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Video Cameras and AC Power


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#1 Jerry Doran

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Posted 11 July 2008 - 05:32 PM

I'm very unclear as to the correct methods for powering video cameras safely. For example, why do video engineers/VTR ops insist that all cameras/monitors be on the same circuit? Is is true that camera BNC cables should be disconnected on a dolly when the dolly receives a bump? I know I'm not wording this very well, but I'm just looking for a brief explanation as to possible pitfalls or risks that can arise when power is not correctly set up.
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#2 Walter Graff

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Posted 12 July 2008 - 07:05 AM

Generally it's refereed to finding 'clean' power. In building computers are often put on what is called 'an isolated ground' circuit. This means a circuit that has it's own dedicated ground different than the rest of the electrical boxes grounding. In general one wants to keep electronics together and separate from say lights. The reasons are that different pieces of equipment can create 'noise' on electrical lines that can interfere with cameras. For instance, the transformer from a light or a dimmer board may cause noise that can create hum in a video signal. And when you have multiple cameras you have all sorts of loopings of the ground via the AC and the video cables and clean curcuits can help you isolate any potential problems that may occur. So engineers start out by looking to keep all the cameras together electriacally so he has less potential interference fomr other pieces of equipment.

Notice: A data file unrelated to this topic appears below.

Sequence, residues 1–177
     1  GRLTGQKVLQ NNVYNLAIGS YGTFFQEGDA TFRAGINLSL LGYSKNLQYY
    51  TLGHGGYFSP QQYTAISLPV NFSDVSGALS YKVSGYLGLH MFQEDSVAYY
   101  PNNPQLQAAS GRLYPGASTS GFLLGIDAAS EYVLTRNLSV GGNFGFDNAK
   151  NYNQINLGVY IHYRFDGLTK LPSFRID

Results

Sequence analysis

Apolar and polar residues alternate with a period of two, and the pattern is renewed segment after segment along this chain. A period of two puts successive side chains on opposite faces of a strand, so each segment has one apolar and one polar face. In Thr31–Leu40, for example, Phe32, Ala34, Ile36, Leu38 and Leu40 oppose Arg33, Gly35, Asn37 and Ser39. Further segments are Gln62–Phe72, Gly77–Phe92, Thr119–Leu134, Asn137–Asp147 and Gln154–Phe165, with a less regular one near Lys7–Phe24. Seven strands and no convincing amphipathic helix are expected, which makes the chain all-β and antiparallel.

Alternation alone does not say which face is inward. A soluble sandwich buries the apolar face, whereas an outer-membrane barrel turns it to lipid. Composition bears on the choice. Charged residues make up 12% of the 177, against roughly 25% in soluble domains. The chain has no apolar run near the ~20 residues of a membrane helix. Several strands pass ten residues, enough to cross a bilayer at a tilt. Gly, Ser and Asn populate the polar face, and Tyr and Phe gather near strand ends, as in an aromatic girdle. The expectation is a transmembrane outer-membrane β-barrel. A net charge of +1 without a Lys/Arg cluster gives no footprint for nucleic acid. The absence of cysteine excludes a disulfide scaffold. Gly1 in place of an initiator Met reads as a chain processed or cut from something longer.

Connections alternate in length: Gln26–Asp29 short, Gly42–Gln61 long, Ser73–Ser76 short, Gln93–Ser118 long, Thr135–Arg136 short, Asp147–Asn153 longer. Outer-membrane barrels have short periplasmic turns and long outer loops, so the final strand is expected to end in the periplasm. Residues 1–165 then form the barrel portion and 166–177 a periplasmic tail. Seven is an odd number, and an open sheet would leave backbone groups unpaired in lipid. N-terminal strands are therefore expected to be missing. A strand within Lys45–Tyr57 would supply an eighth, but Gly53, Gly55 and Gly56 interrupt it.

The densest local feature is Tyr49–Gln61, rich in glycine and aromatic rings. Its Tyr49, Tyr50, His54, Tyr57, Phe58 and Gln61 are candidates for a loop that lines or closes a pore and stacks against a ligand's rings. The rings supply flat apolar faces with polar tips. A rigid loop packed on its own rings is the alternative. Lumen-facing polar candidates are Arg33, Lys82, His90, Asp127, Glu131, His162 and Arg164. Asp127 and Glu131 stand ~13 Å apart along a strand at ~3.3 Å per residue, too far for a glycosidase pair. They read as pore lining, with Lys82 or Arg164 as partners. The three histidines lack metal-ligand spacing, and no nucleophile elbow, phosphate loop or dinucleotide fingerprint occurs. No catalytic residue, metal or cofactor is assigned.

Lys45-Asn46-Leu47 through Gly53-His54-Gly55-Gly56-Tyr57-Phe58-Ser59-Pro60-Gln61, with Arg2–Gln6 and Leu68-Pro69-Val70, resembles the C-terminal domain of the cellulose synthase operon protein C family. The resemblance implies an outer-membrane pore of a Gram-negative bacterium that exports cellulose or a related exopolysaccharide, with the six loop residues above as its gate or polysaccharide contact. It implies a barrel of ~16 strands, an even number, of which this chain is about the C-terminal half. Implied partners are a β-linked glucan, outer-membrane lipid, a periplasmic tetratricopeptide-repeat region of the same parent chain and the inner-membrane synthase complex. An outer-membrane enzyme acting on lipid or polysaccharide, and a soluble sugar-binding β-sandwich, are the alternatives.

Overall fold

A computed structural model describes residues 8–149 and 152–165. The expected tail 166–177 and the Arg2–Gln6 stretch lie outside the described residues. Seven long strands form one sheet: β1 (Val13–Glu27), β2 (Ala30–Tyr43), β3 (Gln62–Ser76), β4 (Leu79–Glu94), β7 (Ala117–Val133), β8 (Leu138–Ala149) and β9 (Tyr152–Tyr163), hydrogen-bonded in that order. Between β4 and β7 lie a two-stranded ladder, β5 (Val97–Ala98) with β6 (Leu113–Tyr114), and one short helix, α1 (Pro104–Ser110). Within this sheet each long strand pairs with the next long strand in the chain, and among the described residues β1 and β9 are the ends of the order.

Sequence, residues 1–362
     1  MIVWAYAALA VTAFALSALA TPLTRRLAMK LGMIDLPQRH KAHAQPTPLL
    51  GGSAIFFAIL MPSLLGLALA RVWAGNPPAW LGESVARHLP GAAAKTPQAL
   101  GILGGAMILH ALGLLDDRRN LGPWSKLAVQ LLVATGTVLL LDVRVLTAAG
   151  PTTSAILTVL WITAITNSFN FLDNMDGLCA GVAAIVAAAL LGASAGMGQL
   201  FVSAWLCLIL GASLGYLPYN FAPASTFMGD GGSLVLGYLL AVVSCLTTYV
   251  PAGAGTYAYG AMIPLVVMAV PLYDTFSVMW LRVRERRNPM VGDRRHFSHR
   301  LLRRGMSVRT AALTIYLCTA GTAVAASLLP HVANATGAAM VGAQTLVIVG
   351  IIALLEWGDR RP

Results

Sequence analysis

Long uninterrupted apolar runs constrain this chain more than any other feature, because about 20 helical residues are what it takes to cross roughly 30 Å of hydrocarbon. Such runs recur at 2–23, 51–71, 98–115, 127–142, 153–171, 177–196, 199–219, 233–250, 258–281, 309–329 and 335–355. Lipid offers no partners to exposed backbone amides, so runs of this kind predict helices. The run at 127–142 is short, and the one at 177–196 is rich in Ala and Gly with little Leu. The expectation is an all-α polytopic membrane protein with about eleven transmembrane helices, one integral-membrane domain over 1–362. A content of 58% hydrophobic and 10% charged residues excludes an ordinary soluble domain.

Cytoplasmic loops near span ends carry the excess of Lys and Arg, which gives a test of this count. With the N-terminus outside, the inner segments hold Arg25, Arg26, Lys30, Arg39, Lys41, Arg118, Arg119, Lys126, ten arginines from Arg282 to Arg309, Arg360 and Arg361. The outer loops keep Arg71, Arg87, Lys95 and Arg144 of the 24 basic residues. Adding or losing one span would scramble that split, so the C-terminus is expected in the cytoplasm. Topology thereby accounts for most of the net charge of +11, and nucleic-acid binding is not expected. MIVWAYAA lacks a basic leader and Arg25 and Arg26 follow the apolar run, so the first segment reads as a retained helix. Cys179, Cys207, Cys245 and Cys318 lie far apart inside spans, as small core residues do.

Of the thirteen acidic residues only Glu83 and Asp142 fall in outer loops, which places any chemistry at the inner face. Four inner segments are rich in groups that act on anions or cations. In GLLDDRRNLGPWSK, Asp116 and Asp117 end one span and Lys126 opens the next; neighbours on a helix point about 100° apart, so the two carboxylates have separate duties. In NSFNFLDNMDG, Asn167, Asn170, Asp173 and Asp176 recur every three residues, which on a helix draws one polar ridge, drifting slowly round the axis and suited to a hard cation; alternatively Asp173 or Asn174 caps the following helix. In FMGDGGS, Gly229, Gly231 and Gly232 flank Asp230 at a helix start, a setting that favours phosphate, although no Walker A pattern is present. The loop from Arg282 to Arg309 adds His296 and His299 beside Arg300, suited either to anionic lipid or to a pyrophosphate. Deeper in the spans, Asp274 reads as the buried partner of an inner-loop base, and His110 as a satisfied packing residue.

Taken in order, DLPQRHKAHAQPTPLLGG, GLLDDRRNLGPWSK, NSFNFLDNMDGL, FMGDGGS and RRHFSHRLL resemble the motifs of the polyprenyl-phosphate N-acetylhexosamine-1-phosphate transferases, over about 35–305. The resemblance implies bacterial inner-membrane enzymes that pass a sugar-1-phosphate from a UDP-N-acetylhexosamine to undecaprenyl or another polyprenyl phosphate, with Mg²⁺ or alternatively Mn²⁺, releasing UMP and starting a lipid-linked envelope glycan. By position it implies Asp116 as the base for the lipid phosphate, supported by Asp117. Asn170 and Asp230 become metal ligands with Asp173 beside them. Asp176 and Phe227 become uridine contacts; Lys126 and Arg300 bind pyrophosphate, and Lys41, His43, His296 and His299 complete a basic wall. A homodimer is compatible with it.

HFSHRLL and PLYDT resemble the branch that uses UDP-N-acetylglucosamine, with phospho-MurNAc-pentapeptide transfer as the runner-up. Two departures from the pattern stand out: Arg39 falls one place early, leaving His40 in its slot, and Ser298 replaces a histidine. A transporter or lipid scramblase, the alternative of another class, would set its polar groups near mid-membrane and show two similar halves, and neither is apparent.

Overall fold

In the old days we used to use humbuckers in situations where noise was introduced to video cameras. It was basically a box filled with wax that had two BNCs and reduced the hum signal in video, while also degrading hte high frequencies slighly.
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Abel Cine

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CineTape

rebotnix Technologies

Technodolly

Visual Products

Opal

Ritter Battery

Wooden Camera

Media Blackout - Custom Cables and AKS